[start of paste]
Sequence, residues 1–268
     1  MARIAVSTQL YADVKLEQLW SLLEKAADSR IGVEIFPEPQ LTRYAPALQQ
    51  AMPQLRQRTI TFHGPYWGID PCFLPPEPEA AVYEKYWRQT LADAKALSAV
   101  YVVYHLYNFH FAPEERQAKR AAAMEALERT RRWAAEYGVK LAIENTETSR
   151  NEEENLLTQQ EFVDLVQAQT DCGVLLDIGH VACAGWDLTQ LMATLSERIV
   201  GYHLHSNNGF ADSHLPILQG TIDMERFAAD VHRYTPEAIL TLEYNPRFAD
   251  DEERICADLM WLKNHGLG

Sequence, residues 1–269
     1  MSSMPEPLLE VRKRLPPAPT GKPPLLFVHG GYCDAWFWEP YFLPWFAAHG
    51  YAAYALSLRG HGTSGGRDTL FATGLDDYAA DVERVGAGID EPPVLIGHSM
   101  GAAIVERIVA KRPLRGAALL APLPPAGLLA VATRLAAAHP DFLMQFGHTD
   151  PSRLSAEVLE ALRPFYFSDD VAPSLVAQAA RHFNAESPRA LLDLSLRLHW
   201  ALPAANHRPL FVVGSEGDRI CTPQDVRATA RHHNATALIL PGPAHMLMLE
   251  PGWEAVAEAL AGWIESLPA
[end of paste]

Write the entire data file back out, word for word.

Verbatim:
Sequence, residues 1–268
     1  MARIAVSTQL YADVKLEQLW SLLEKAADSR IGVEIFPEPQ LTRYAPALQQ
    51  AMPQLRQRTI TFHGPYWGID PCFLPPEPEA AVYEKYWRQT LADAKALSAV
   101  YVVYHLYNFH FAPEERQAKR AAAMEALERT RRWAAEYGVK LAIENTETSR
   151  NEEENLLTQQ EFVDLVQAQT DCGVLLDIGH VACAGWDLTQ LMATLSERIV
   201  GYHLHSNNGF ADSHLPILQG TIDMERFAAD VHRYTPEAIL TLEYNPRFAD
   251  DEERICADLM WLKNHGLG

Sequence, residues 1–269
     1  MSSMPEPLLE VRKRLPPAPT GKPPLLFVHG GYCDAWFWEP YFLPWFAAHG
    51  YAAYALSLRG HGTSGGRDTL FATGLDDYAA DVERVGAGID EPPVLIGHSM
   101  GAAIVERIVA KRPLRGAALL APLPPAGLLA VATRLAAAHP DFLMQFGHTD
   151  PSRLSAEVLE ALRPFYFSDD VAPSLVAQAA RHFNAESPRA LLDLSLRLHW
   201  ALPAANHRPL FVVGSEGDRI CTPQDVRATA RHHNATALIL PGPAHMLMLE
   251  PGWEAVAEAL AGWIESLPA